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CAREER ADVICE

Episode 17 of Bibliotech: Citation and social media

What do Twitter, Tumblr and citations have in common?

By ROCHELLE MAZAR | MAY 08 2013

Welcome to BiblioTech – the podcast about emerging technologies for academics. Your host is Rochelle Mazar, an emerging technologies librarian at the University of Toronto Mississauga.

Every month you can listen in as Rochelle talks about what’s new in technology and what academics should be paying attention to. It’s hard to keep up with all of the new software, tools and gadgets. That’s where Rochelle comes in.


Episode 17 – Citation and social media

In this episode Rochelle looks at what social media can teach us about plagiarism and citation. (Running time: 14:18 mins).


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leave a comment at the bottom of this page.

This episode features the following Creative Commons music and sound effects:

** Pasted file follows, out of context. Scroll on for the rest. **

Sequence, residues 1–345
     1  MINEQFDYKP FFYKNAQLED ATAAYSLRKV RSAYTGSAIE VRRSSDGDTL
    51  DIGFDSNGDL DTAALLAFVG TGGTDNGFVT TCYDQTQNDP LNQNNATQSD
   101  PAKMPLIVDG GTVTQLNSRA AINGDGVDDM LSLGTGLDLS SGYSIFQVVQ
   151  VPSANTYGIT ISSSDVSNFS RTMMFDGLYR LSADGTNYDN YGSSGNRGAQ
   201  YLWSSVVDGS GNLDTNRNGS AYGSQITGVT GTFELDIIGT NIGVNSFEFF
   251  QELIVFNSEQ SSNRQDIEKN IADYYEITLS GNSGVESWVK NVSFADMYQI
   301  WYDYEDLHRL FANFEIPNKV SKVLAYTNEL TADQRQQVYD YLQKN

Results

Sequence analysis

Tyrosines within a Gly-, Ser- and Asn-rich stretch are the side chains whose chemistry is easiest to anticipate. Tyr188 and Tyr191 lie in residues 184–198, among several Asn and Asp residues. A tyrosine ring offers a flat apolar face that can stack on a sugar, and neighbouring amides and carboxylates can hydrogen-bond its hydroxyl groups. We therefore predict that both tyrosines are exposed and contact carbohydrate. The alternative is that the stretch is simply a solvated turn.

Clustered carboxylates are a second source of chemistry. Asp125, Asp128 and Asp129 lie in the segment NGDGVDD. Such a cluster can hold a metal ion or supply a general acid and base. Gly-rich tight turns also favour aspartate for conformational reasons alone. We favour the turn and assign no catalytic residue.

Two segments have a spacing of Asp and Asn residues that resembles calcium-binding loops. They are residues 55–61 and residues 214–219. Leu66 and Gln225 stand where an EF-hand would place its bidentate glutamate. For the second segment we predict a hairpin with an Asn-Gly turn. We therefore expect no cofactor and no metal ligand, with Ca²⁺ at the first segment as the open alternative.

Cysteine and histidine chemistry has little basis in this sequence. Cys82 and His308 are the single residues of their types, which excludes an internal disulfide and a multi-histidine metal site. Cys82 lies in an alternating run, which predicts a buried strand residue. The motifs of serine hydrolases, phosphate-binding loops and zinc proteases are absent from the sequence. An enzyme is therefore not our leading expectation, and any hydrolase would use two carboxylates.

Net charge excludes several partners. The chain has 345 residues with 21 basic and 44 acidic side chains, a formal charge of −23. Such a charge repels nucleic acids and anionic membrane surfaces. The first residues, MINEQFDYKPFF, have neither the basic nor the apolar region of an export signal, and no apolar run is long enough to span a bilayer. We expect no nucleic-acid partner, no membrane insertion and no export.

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  1. Tracy Oost / May 8, 2013 at 12:15 pm

    Hi Rochelle, I’ve listened to two of your podcasts now, and I just wanted to tell you that I really enjoyed them. I’m going to have to make time to listen to the rest. They are very insightful and informative. Thanks for producing them!

  2. Rochelle Mazar / May 8, 2013 at 2:08 pm

    Thanks, Tracy! I’m so glad to hear that!

  3. Dave / May 8, 2013 at 4:17 pm

    I enjoyed Rochelle’s use of re-tweating and re-blogging as appropriate metaphors for teaching about citations and plagiarism to undergrads.

    But perhaps it was done for dramatic effect, but her musing that correctly citing works we encounter through Google Scholar and other databases is ‘machine work’ and that she can envisage one day this being done for us by computer ‘down to the last correctly placed comma’ is right, but so behind the times.

    We have this feature now built into Google Scholar (if you’re a registered user) and also using EndNote and other bibliographic software through Web of Science and similar online academic databases. And bibliographic software – that allows insertion of citations in-text as you assemble your document and correctly places the journal-specific formatted entry into the list of references – have been available since before the internet.

    The hard part is getting students to use these bibliographic software. Perhaps the tumblr metaphor will help!

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